Six years after Gwadar became the focal point of the China-Pakistan Economic Corridor, the benefits have yet to reach the city’s people. Protests over checkpoint humiliations, government inaction and failure to provide basic amenities threaten to shut down one of the project’s key hubs.
If the Afghan Taliban makes good on its pledge to not allow Afghanistan to be used as a base for attacks against other countries, peace could emerge in Pakistan. If it backtracks and supports Islamist militancy, though, it could represent an existential threat to Islamabad.
Indian Prime Minister Narendra Modi is likely to keep up the anti-Pakistan rhetoric but heed international pressure not to escalate the conflict. Meanwhile, cash-strapped Pakistan would not want a protracted conflict either.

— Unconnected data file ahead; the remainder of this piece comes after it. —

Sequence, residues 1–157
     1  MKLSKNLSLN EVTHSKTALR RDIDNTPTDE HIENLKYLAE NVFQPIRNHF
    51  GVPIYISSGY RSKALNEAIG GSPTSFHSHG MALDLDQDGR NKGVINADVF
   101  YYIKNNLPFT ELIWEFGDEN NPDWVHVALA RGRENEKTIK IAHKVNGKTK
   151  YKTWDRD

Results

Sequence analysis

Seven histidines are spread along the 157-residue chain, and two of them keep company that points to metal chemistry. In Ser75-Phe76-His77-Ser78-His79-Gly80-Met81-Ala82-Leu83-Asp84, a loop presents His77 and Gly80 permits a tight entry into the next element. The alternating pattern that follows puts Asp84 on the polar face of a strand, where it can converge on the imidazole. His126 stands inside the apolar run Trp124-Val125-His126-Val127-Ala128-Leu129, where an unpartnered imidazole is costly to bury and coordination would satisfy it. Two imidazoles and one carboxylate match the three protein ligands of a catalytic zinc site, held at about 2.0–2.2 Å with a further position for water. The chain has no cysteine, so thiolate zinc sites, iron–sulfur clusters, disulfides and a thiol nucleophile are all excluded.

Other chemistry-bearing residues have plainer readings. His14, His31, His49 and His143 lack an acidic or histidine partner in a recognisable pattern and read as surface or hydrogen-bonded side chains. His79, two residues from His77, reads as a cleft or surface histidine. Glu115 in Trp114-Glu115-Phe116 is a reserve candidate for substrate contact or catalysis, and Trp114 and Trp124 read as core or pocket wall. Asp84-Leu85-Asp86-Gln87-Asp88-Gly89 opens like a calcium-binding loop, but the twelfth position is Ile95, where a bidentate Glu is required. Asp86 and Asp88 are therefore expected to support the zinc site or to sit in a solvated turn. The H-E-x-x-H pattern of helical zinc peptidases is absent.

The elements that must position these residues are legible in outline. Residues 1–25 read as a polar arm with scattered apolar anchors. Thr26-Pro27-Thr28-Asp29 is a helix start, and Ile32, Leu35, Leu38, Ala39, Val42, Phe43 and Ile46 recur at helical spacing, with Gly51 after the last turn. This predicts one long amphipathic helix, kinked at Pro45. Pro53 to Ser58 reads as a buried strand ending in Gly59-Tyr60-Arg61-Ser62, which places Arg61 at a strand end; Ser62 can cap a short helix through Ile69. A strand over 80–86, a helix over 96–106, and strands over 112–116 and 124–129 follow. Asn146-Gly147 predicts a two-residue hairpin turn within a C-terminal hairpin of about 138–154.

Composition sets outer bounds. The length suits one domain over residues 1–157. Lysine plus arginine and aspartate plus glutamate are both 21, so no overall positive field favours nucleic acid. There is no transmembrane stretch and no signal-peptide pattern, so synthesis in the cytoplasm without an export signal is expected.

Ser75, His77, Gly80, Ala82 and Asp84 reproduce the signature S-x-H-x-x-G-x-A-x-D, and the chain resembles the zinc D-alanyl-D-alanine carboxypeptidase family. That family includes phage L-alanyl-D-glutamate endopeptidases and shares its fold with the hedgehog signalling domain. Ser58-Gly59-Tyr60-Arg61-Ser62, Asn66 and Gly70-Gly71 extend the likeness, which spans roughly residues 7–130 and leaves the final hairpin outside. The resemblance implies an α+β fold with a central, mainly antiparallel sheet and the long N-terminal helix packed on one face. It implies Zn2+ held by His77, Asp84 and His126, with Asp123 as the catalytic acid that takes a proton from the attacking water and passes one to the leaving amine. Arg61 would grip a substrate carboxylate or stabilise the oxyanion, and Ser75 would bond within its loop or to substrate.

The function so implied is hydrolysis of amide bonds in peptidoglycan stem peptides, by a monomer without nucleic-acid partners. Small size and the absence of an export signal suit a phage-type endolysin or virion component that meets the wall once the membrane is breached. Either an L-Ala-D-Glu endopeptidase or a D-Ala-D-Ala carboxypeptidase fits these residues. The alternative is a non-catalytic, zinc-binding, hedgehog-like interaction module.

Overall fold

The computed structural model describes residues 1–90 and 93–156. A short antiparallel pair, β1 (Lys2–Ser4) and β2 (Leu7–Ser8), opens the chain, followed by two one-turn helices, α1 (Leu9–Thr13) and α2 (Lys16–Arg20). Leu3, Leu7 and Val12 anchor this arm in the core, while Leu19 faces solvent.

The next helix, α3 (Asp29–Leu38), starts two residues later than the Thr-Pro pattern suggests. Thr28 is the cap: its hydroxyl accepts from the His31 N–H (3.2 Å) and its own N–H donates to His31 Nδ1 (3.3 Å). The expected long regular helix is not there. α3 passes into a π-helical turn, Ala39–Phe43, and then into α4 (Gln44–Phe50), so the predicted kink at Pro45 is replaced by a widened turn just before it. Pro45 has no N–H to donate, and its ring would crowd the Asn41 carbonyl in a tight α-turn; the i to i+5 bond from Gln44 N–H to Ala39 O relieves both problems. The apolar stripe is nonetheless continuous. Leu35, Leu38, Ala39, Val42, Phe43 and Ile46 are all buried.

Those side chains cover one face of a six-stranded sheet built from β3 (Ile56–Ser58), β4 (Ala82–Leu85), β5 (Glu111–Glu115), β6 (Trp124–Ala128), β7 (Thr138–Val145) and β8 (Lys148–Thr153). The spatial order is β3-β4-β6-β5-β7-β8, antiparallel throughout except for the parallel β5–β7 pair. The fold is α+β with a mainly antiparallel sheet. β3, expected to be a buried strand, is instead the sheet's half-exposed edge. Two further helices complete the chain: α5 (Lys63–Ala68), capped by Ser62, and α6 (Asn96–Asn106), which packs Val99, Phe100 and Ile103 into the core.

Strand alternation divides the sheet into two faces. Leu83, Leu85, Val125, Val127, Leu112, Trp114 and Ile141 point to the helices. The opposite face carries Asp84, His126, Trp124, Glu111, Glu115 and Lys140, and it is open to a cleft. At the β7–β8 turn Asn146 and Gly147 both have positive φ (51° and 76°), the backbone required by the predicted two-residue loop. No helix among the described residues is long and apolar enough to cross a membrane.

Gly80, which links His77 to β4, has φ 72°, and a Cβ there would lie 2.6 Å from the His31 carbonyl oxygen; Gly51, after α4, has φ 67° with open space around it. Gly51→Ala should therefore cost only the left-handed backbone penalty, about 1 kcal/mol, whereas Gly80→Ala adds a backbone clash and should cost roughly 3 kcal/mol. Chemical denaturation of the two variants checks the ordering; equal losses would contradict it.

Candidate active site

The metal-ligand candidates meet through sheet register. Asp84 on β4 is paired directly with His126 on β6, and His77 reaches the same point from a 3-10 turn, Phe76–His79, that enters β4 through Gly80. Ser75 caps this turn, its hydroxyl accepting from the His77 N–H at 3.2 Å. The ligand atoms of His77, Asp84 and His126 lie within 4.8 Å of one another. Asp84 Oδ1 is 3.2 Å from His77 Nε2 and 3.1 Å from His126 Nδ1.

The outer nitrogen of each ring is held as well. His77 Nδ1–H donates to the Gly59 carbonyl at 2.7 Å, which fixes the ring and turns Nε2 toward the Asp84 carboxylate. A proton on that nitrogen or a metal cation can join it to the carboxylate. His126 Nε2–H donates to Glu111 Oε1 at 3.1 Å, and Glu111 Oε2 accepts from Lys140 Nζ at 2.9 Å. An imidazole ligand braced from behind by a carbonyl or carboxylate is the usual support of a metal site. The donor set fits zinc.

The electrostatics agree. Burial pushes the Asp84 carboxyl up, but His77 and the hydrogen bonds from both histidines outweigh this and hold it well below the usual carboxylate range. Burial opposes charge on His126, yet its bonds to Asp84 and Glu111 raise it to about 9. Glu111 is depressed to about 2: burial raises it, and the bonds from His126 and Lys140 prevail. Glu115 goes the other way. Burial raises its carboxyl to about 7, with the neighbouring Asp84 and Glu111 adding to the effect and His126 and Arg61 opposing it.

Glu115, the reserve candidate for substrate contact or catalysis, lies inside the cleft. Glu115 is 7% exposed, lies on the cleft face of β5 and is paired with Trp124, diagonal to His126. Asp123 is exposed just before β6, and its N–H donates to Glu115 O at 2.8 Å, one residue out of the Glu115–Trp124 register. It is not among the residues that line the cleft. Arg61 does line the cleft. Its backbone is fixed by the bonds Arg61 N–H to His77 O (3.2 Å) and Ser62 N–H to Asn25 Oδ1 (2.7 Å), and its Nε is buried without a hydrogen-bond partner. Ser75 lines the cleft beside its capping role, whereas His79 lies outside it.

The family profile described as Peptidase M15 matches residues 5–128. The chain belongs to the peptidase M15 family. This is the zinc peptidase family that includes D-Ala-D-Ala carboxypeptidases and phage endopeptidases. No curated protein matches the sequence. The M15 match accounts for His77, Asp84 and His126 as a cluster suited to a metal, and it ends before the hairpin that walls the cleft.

The violent protests over Asia Bibi’s acquittal reveal the government’s powerlessness against radical Islam, and highlight the need for it to end its policy of appeasement. Such unrest will only complicate Pakistan’s bid to escape an economic crisis.
Pakistan’s new government is less enamoured of Chinese infrastructure projects because of concerns over unfair terms. It is running up huge debts, and yet not a dollar of the Chinese loans has entered Pakistani banking channels.
The US’ decision to block an IMF loan to Pakistan will only push the country more deeply into China’s sphere of influence.
China is spending more than US$55 billion on projects in Pakistan, much of it of through loans. While Islamabad has been able to reject a few Chinese demands for now, ballooning debt may well weaken its resolve.